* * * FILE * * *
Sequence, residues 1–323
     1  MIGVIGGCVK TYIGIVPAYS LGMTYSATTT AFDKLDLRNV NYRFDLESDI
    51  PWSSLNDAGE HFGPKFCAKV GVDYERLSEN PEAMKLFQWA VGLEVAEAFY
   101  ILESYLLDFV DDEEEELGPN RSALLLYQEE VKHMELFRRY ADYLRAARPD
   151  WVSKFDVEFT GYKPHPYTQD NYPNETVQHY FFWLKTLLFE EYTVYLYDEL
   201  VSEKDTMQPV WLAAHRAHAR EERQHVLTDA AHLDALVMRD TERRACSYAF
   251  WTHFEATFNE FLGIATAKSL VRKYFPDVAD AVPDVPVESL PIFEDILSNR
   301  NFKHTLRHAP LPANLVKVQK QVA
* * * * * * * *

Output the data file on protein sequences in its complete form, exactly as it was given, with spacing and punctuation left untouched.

Sequence, residues 1–323
     1  MIGVIGGCVK TYIGIVPAYS LGMTYSATTT AFDKLDLRNV NYRFDLESDI
    51  PWSSLNDAGE HFGPKFCAKV GVDYERLSEN PEAMKLFQWA VGLEVAEAFY
   101  ILESYLLDFV DDEEEELGPN RSALLLYQEE VKHMELFRRY ADYLRAARPD
   151  WVSKFDVEFT GYKPHPYTQD NYPNETVQHY FFWLKTLLFE EYTVYLYDEL
   201  VSEKDTMQPV WLAAHRAHAR EERQHVLTDA AHLDALVMRD TERRACSYAF
   251  WTHFEATFNE FLGIATAKSL VRKYFPDVAD AVPDVPVESL PIFEDILSNR
   301  NFKHTLRHAP LPANLVKVQK QVA